It is mentioned in ‘Of English Dogs’ in 1576 under the name ‘Turnespete.’ English naturalist William Bingley’s ‘Memoirs of British Quadrupeds’ (1809) also talks of a dog employed to help chefs, known as the ‘Kitchen Dog,’ the ‘Cooking Dog,’ the ‘Underdog,’ and the ‘Vernepator.’ In Swedish zoologist Carl Linnaeus’ 18th century classification of dogs it is listed as ‘Canis vertigus’ (‘spinning dog’). The breed was lost since it was considered to be such a lowly and common dog that no record was effectively kept of it. Some sources consider the Turnspit a kind of Glen of Imaal Terrier, others make it a relative of the Welsh Corgi.

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April 19, 2015

Block Chain

decentralized

Bitcoin is a cryptocurrency, an online payment system secured by cryptography, released by the pseudonymous Satoshi Nakamoto in 2009. The system is peer-to-peer; users can transact directly without needing an intermediary. Transactions are verified by network nodes containing a public ledger called the block chain. Bitcoin nodes use the block chain to distinguish legitimate Bitcoin transactions from attempts to re-spend coins that have already been spent elsewhere. Bitcoin ‘mining’ is a record-keeping service. Miners keep the block chain consistent, complete, and unalterable by repeatedly verifying and collecting newly broadcast transactions into a new group of transactions called a ‘block.’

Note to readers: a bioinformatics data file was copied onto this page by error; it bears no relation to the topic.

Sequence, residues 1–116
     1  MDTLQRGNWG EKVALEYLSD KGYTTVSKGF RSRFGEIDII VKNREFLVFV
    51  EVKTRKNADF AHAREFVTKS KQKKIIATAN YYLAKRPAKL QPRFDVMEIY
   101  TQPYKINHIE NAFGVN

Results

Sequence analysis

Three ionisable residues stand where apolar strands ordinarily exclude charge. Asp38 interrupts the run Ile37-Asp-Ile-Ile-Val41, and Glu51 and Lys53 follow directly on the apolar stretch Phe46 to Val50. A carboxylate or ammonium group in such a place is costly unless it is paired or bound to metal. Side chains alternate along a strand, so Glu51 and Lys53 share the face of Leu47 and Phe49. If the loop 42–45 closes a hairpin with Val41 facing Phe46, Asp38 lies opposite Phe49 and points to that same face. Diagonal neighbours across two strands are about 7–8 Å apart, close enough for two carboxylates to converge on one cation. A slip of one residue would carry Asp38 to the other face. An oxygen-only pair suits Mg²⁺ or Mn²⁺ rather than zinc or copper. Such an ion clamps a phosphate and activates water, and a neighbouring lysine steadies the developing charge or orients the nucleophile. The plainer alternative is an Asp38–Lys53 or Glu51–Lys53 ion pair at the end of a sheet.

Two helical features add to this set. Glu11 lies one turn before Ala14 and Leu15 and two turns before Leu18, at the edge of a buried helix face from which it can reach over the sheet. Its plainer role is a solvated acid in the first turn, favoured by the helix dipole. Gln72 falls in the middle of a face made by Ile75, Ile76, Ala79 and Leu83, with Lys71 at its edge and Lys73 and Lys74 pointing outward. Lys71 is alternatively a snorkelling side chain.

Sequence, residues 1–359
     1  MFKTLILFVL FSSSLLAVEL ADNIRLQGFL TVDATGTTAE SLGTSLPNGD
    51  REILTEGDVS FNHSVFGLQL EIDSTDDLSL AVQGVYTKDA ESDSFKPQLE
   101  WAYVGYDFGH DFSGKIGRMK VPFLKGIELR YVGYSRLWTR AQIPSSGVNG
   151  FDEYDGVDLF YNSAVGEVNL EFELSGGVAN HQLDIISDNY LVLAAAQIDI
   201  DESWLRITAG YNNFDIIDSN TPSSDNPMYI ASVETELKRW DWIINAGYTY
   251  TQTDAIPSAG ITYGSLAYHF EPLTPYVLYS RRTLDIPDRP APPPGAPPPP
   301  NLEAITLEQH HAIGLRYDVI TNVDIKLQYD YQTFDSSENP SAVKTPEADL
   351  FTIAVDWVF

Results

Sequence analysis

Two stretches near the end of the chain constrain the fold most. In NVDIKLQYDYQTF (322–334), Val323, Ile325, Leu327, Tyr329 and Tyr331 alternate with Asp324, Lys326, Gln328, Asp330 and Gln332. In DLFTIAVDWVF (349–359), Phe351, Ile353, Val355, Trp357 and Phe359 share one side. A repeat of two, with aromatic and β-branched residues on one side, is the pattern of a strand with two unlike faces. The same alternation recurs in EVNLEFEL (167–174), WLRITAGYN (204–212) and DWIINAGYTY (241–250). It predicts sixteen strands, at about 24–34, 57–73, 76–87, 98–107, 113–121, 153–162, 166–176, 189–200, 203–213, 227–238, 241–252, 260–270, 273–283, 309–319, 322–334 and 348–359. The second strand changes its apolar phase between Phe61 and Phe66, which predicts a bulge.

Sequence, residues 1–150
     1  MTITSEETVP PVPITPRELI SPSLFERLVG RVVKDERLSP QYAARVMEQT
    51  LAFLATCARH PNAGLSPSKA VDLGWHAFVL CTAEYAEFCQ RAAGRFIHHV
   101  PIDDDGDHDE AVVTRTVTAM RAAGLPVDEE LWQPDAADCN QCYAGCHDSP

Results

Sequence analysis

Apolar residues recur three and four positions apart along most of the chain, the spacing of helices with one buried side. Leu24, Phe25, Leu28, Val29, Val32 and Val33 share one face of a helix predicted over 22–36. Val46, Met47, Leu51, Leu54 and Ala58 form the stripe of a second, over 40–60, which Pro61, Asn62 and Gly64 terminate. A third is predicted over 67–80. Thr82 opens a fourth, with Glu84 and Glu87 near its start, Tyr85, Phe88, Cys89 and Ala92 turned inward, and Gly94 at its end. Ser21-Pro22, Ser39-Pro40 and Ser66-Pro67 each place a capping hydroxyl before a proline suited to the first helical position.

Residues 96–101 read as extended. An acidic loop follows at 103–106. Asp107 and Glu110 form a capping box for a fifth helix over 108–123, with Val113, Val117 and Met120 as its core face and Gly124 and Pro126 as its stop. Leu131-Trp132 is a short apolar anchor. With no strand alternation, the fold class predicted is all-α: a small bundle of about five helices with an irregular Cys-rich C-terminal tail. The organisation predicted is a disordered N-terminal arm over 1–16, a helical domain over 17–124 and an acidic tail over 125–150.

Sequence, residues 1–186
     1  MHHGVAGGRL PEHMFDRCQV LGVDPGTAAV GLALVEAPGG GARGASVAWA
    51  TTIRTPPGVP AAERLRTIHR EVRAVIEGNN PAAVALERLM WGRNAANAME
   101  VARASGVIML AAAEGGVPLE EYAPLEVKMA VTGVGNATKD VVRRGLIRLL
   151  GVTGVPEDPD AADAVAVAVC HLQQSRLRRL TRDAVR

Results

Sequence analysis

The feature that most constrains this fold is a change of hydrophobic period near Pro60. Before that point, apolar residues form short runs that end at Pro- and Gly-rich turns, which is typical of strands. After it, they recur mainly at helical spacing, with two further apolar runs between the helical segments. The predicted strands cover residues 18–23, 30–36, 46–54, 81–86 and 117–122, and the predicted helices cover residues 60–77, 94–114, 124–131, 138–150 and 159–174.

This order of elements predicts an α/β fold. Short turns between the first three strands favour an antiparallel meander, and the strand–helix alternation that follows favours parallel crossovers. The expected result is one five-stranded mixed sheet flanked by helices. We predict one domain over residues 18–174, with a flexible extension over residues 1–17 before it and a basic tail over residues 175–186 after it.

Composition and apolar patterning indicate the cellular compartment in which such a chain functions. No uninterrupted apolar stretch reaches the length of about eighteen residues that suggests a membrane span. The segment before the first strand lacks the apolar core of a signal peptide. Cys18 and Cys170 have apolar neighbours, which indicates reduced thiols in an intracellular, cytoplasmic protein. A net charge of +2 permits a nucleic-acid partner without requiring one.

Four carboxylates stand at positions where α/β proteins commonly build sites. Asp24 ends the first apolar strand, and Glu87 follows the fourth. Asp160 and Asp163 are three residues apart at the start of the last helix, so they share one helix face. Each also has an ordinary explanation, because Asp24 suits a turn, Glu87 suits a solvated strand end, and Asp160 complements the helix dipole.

A new block contains information that ‘chains’ it to the previous block thus giving the block chain its name. It is a cryptographic hash (scrambled code that represents the block). Miners compute the hash functions to verify them for the network, a task that is intentionally designed to be resource-intensive and computationally difficult so that the number of blocks found each day remains steady.  Mining is also the mechanism used to introduce new coins into the system: Miners are paid transaction fees as well as a ‘subsidy’ of newly created coins. This both serves the purpose of disseminating new coins in a decentralized manner as well as motivating people to provide security for the system.